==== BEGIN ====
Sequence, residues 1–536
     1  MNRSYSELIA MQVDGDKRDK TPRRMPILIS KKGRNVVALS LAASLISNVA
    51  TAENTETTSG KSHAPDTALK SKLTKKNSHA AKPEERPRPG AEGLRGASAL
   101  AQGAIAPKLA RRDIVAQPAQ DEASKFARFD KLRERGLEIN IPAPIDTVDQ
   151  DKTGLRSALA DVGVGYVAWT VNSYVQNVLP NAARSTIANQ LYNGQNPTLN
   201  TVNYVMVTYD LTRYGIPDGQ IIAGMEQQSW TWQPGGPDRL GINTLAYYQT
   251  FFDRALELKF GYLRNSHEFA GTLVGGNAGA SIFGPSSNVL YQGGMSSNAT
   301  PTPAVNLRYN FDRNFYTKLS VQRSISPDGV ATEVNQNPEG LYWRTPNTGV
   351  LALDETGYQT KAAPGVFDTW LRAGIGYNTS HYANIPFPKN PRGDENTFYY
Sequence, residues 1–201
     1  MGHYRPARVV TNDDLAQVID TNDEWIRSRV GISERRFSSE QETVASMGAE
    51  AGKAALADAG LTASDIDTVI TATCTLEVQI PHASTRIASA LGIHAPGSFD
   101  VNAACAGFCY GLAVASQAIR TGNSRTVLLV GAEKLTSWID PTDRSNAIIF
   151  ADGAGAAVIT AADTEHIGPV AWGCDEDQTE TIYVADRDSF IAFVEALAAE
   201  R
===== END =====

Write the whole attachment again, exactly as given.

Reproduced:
Sequence, residues 1–536
     1  MNRSYSELIA MQVDGDKRDK TPRRMPILIS KKGRNVVALS LAASLISNVA
    51  TAENTETTSG KSHAPDTALK SKLTKKNSHA AKPEERPRPG AEGLRGASAL
   101  AQGAIAPKLA RRDIVAQPAQ DEASKFARFD KLRERGLEIN IPAPIDTVDQ
   151  DKTGLRSALA DVGVGYVAWT VNSYVQNVLP NAARSTIANQ LYNGQNPTLN
   201  TVNYVMVTYD LTRYGIPDGQ IIAGMEQQSW TWQPGGPDRL GINTLAYYQT
   251  FFDRALELKF GYLRNSHEFA GTLVGGNAGA SIFGPSSNVL YQGGMSSNAT
   301  PTPAVNLRYN FDRNFYTKLS VQRSISPDGV ATEVNQNPEG LYWRTPNTGV
   351  LALDETGYQT KAAPGVFDTW LRAGIGYNTS HYANIPFPKN PRGDENTFYY
Sequence, residues 1–201
     1  MGHYRPARVV TNDDLAQVID TNDEWIRSRV GISERRFSSE QETVASMGAE
    51  AGKAALADAG LTASDIDTVI TATCTLEVQI PHASTRIASA LGIHAPGSFD
   101  VNAACAGFCY GLAVASQAIR TGNSRTVLLV GAEKLTSWID PTDRSNAIIF
   151  ADGAGAAVIT AADTEHIGPV AWGCDEDQTE TIYVADRDSF IAFVEALAAE
   201  R